Colleges encourage faculty to go high tech
By Ronald Roach
T o get students proficient and comfortable with the Internet and the latest information technology, Morris Brown College officials have required its undergraduates to participate in a laptop purchase program this fall, one of the first ever such initiatives at a historically Black institution. Through campus-wide wireless Internet connections, the laptops provide their owners constant connectivity to the World Wide Web, a move that is sure to increase student use and awareness of the Internet.
At the same time, the college donated individual laptops to Morris Brown faculty in a gesture to encourage them to establish online learning opportunities for their students. “We wanted to reward our faculty and provide them an incentive to incorporate information technology into their courses,” says Dr. Charlyn Harper Browne, dean of faculty at Morris Brown College in Atlanta.
Morris Brown College officials believe they are taking a pragmatic approach to motivating faculty to embrace the use of advanced information technology. Such pragmatism recognizes that faculty are needing as much — if not more—attention than students with adapting to new technology.
The devotion of resources and special attention to faculty also means that institutions are asking their teachers to shoulder the greatest burden as information technology gets incorporated in the classroom.
Nationally, surveys document the steady increase of information technology in the college classroom. The Campus Computing Survey, undertaken annually by Dr. Kenneth C. Green, a
visiting scholar at the Claremont Graduate University in California, reports that more faculty members are incorporating technology resources in their courses. Three-fifths (59.3 percent) of college courses include the use of electronic mail, up from 54 percent in 1999, 44 percent in 1998, and 20.1 percent in 1995. More than two-fifths (42.7 percent) of college courses now incorporate World Wide Web resources as a component in the course. In 1995, Web use was 10.9 percent, 33.1 percent in 1998 and 38.9 percent in 1999. Nearly a third (30.7 percent) of all college courses have a Web page, compared to 28.1 percent in 1999, 22.5 percent in 1998 and 9.2 percent in 1996.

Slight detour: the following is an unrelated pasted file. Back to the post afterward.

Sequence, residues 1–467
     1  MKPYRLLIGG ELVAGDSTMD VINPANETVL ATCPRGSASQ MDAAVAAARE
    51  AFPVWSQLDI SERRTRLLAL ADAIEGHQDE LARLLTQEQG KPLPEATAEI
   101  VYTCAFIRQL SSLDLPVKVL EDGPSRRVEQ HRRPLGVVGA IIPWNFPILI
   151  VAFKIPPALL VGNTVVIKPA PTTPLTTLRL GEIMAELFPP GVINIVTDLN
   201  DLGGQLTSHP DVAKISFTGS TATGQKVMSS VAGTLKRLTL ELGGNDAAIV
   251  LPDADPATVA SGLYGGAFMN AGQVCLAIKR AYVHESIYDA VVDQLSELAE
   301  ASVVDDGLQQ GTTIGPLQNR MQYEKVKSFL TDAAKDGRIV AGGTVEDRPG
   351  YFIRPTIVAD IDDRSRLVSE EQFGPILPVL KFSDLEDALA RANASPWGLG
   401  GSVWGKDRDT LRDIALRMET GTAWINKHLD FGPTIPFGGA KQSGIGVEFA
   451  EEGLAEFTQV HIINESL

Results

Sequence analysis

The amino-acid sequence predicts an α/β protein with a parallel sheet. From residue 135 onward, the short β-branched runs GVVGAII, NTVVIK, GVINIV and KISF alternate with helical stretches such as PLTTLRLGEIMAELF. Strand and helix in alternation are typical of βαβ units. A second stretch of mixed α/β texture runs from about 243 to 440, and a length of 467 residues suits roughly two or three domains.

Technology’s Impact on Teaching
The adoption of information technology in the classroom is changing the college teaching profession, according to observers. With the use of innovative software, hardware and the Internet in the workplace, schools have accepted responsibility for providing their students exposure to and training on new information technologies. For faculty, becoming familiar with techniques that use the World Wide Web, create distance learning courses for distribution over the Internet, and use multimedia presentations as teaching tools represent three basic areas in which many are being trained.
Basic expectations of faculty are that they master the tools and techniques that have been around over the past 15 years and use the Internet for research and communications. Traditional software applications include presentation programs, word processors, database programs, spreadsheets and statistical analysis packages. Basic use of the Internet by faculty means that they are posting their course information on Web pages, having chat sessions with students, exchanging e-mail, giving quizzes over the Internet and other course management measures.